It’s often said that everyone’s a photographer these days. As consumer cameras get more affordable and smartphones get more sophisticated, we’re all addicted to snapping shots of our daily lives.
That’s why modern smartphones sport beefy triple-camera arrays, with the new iPhone 13 Pro boasting one of the best yet (check out our iPhone 13 Pro review for more). With such powerful photographic tools at our fingertips, it makes sense to learn how to use them. And while auto modes will do a decent job of capturing a scene in front of you, to handle all shooting situations and make something special, you need to switch to manual and learn how to use a camera’s settings. And that goes for a smartphone, too!
That’s where this excellent infographic from Skylum comes in. We first noticed this handy guide earlier this year, but it’s still the best photographic cheat sheet we’ve found online, as a clear, visual explanation of the exposure triangle.
Every time you take a photo, you’re balancing three things. First, the shutter speed, which is literally how quickly the shutter opens and closes, usually expressed in fractions of a second.
Second, the aperture, which is how wide open the lens is, and therefore how much light it’s letting in. It’s expressed as an F-number, formatted like this: f/2.8. The lower the number, the wider the aperture.
Third, the ISO, which is the sensitivity of the sensor. A higher ISO value means the sensor is more sensitive to light, but this also causes more image noise, which is digital grain that makes photos look muddy. ISO is expressed as a numerical value, which doubles for every stop of exposure. ISO 100 is generally used in daylight, while ISO 800 and higher is generally necessary for night shooting.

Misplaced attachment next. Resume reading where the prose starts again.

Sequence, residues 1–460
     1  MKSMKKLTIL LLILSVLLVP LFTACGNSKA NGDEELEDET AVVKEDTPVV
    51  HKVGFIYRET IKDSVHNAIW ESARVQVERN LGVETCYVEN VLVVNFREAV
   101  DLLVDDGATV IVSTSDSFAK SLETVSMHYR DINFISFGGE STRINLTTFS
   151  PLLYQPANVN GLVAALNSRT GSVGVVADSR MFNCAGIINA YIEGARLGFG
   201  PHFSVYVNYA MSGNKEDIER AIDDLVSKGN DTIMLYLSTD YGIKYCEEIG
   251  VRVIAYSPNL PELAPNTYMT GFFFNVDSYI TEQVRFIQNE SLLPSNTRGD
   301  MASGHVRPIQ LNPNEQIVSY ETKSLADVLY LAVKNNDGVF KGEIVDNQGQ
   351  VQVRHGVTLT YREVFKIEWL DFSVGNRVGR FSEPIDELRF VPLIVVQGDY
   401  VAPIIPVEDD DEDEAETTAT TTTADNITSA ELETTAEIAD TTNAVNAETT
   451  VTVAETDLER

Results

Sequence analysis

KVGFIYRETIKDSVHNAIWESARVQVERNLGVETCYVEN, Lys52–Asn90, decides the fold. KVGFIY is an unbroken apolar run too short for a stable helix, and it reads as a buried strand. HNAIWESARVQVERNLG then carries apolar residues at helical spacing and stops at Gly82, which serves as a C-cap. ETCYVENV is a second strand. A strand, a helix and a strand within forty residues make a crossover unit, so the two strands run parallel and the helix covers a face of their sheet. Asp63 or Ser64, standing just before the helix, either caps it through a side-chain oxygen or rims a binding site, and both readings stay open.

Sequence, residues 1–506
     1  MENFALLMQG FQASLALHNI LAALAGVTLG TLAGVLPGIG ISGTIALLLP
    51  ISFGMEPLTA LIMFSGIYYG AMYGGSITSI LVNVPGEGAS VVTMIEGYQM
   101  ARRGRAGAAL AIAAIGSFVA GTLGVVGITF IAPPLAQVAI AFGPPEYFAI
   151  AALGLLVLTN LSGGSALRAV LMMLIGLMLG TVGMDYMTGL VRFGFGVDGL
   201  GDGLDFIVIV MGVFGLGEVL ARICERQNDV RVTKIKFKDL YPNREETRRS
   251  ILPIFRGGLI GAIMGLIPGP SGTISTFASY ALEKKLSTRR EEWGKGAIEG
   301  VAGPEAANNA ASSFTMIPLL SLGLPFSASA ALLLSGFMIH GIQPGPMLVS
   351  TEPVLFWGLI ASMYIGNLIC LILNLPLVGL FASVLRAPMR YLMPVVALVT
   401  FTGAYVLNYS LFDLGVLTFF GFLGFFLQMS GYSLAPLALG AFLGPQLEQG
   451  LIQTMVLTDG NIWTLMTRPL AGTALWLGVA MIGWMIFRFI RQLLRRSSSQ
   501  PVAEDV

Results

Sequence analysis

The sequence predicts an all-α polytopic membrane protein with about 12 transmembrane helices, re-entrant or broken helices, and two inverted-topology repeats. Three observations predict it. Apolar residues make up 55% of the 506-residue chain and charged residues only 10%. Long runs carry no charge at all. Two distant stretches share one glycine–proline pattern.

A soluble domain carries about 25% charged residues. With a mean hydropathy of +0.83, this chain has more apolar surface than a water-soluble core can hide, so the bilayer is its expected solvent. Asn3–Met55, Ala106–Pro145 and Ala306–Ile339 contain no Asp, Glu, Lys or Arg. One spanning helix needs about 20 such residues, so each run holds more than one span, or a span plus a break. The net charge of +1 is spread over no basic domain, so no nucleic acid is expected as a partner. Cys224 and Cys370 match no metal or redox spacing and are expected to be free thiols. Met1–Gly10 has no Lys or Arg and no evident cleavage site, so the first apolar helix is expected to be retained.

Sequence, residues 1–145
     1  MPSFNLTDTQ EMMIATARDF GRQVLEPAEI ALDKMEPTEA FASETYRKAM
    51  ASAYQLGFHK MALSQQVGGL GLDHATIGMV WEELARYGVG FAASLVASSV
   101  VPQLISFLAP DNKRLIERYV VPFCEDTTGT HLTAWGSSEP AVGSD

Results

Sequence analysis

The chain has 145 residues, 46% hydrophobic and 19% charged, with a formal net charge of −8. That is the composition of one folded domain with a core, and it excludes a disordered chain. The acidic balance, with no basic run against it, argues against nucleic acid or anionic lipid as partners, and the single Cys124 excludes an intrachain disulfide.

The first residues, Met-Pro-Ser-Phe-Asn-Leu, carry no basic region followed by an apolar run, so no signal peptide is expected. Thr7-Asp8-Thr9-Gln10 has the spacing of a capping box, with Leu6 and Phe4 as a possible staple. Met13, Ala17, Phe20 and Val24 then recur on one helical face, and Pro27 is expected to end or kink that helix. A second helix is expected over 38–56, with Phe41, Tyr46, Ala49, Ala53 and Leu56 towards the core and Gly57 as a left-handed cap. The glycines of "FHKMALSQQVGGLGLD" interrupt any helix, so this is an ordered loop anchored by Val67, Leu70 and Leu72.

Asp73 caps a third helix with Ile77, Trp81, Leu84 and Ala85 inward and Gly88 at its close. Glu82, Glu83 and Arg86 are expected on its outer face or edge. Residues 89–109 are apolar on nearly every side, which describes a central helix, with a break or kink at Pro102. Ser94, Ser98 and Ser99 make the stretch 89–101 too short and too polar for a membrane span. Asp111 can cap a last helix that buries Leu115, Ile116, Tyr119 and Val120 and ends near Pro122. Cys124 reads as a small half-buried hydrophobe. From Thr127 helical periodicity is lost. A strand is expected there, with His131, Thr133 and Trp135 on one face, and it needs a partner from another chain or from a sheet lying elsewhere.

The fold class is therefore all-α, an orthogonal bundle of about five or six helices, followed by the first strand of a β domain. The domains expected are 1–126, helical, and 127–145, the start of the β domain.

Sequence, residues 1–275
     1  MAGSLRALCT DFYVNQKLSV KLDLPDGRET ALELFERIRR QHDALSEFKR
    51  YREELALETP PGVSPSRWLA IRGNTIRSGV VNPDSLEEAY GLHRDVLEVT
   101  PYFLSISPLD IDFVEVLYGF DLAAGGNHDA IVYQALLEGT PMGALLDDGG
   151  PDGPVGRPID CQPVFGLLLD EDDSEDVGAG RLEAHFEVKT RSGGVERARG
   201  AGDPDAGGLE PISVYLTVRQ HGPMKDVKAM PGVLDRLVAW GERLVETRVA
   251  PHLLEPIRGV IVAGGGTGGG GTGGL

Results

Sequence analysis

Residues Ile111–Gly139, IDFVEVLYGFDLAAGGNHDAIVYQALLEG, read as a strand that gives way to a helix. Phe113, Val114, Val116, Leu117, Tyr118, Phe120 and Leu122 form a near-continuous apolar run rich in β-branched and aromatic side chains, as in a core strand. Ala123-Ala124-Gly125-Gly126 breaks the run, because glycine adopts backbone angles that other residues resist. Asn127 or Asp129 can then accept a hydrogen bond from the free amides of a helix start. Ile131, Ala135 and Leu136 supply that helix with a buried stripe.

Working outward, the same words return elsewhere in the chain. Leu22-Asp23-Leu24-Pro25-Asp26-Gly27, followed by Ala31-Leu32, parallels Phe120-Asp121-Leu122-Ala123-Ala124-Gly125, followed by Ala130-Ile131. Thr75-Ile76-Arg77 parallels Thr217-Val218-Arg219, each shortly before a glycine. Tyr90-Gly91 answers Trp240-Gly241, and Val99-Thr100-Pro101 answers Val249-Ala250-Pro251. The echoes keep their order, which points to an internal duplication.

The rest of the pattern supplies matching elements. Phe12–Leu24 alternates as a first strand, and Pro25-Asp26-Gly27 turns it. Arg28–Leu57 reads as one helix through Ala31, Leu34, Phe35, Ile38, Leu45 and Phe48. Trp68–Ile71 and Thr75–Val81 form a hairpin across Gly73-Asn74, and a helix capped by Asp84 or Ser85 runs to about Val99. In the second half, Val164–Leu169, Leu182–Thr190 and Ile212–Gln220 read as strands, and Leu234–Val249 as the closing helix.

So if you want an ethereal bokeh effect, you'll need a wide aperture of at least f/4 to create a narrow depth of field, a fairly low ISO and a shutter speed of at least 1/60; Skylum also suggest keeping a good distance between the subject and the background, and having a light source in the background to create that blurred look.
On the other hand, for a sharp action shot, you'll need a narrower aperture between f/11 and f/16, an ISO between 100 and 400, and a really fast shutter speed of about 1/2000. Remember, though, that between the aperture and shutter speed there's a limited amount of light getting to the sensor, so if your first shots turn out a little dark then you'll need to turn the ISO up to compensate.
The trick is that all these values also affect other aspects of an image as well as exposure, and if you adjust one for aesthetic reasons, you need to adjust the others to compensate. Fast shutter speeds like 1/500sec or 1/2000sec allow you to freeze fast action, but let in less light, so using one will mean you need to open the aperture wider and/or bump up the ISO.
Similarly, aperture controls depth of field, which essentially refers to how much of the image is in focus (on a horizontal plane between subject and camera). For example, portrait images where the person’s face is sharp and the background is artfully blurred have a shallow depth of field – which means the aperture has been opened very wide, probably at least f/2.8, and if they have an expensive lens, maybe even wider to f/1.8 or f/1.4. This will let in a lot of light, so the photographer will want to use a low ISO and/or a fast shutter speed to compensate.
Skylum’s infographic provides a useful visual way to remember all this, and provides a few hints for different situations. Once you master the points on the exposure triangle, you can stop thinking of them as rules you have to follow and start thinking of them as tools in your toolkit, all of which can be used creatively with different effects.
Of course, these days, shooting the shot is only half the process – a lot of photography happens in the edit. Skylum’s Luminar AI is one of the fastest editing programs thanks to its machine learning tools – check out the latest deals on the software below: